The House of Representatives has mandated its chief clerk to communicate with the General Auditing Commission (GAC) and the Public Procurement and Concession Commission (PPCC) to conduct an audit of the Central Bank of Liberia (CBL).
The House's plenary ordered Chief Clerk Mildred Siryon to follow up with the investigation and report after two months.
The mandate was given when Representative Edwin Snowe complained to the august body, craving their indulgence to have the CBL investigated.
“I write seeking the endorsement of this Plenary to mandate the General Auditing Commission (GAC) and the Public Procurement & Concession Commission (PPCC) to conduct a comprehensive financial and procumbent audit of the Central Bank of Liberia (CBL) to enable us have an informed and independent knowledge of its undertakings as per the law,” Representative Snowe wrote in his communication.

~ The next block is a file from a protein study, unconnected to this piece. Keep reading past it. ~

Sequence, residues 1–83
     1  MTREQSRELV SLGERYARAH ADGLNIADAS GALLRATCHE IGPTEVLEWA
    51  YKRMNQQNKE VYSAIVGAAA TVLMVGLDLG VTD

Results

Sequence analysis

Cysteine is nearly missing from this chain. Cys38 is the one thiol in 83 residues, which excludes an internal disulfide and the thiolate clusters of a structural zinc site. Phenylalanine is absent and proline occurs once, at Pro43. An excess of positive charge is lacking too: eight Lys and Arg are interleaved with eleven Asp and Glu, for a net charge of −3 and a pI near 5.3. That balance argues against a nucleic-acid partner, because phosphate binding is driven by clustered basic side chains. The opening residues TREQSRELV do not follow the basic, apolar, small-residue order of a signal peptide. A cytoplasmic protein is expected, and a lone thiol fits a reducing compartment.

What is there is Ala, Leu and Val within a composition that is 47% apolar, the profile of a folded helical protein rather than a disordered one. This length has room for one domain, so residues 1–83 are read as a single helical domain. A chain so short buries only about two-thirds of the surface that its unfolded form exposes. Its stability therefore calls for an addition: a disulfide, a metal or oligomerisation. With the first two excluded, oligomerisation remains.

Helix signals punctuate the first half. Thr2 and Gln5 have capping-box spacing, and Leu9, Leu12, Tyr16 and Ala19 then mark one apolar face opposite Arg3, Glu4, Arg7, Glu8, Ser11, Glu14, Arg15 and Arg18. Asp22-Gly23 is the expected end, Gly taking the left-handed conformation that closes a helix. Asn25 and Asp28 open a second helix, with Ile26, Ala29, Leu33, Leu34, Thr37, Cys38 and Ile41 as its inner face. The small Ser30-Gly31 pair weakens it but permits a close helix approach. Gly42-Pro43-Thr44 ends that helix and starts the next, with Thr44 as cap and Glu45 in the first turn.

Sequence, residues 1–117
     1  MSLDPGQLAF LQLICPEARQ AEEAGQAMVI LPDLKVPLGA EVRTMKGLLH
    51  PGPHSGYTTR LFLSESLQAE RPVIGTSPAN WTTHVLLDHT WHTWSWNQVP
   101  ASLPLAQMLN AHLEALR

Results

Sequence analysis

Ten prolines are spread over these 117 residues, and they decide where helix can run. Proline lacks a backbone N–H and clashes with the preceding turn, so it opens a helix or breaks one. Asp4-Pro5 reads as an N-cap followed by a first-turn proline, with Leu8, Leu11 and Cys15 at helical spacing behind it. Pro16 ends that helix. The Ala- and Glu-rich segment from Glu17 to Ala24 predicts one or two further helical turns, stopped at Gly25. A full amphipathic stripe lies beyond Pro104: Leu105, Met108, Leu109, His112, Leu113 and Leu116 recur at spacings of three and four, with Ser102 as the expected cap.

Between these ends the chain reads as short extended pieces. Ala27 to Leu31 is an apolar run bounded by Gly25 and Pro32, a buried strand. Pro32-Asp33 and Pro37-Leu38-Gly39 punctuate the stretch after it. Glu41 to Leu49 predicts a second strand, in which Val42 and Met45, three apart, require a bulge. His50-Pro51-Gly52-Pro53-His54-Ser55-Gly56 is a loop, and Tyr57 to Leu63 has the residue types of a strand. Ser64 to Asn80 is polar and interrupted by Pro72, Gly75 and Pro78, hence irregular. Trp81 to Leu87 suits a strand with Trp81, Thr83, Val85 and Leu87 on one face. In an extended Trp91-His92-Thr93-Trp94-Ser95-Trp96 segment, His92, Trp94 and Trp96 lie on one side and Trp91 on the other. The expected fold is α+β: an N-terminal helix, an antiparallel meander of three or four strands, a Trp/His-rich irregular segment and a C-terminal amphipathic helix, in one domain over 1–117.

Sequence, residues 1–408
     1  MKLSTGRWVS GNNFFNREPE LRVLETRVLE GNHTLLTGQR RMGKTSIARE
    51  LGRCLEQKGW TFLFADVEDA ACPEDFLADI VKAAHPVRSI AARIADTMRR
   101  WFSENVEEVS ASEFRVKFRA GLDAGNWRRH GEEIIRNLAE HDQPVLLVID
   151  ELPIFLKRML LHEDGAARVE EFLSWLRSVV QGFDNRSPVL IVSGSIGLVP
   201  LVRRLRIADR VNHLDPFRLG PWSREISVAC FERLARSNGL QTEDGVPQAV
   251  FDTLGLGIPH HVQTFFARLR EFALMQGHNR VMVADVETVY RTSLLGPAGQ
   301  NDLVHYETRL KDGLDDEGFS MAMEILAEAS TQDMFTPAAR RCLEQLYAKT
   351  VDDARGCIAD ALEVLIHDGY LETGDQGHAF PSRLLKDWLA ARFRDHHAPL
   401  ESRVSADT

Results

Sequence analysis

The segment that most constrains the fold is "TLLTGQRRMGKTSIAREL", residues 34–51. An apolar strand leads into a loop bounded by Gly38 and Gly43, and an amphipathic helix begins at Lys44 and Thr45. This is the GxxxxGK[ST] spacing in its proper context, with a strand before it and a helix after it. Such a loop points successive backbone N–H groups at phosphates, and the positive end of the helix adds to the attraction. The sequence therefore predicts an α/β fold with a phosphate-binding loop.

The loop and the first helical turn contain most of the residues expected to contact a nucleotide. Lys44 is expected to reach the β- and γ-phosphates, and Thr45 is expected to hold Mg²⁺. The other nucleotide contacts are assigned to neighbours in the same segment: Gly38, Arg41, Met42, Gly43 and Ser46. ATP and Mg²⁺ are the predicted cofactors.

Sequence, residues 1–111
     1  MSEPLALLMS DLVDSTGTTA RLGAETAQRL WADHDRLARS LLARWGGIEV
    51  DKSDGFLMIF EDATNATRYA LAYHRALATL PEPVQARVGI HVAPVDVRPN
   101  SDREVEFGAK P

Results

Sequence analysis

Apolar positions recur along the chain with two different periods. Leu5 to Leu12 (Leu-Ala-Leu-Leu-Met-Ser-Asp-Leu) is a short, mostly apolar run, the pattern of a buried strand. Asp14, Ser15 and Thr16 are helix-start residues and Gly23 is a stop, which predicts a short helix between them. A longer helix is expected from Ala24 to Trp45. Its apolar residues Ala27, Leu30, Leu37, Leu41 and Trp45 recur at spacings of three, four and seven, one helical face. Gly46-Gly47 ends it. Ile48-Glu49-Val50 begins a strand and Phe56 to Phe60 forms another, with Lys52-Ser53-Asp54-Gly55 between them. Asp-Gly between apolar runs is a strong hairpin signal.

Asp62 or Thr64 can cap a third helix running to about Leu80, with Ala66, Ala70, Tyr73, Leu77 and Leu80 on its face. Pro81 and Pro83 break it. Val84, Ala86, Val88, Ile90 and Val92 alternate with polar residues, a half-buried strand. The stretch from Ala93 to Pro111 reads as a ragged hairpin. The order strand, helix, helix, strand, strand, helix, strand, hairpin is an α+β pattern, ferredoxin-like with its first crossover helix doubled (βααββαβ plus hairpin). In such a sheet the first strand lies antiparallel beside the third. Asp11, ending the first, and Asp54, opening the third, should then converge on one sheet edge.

He further noted that as helpful as the microfinance program and direct financial assistance could be to the people of Liberia, it was important to ensure that they are legal and are used for their intended purposes, not for “buying votes”.
In early 2014, the House of Representatives passed a bill calling for an amendment of the CBL Act, barring governors (including Governor Mills Jones) from contesting political position for three years after their tenures aspired.
It has been perceived that Dr. Jones is harboring political ambition in the 2017 presidential elections, and that the CBL microfinance programs are aimed at giving him ample advantage leading towards that time.
However, Dr. Jones has not spoken directly over the passage of the bill, which is before President Ellen Johnson Sirleaf, but is firm on his microfinance policy he says is to empower Liberians take ownership of their economy.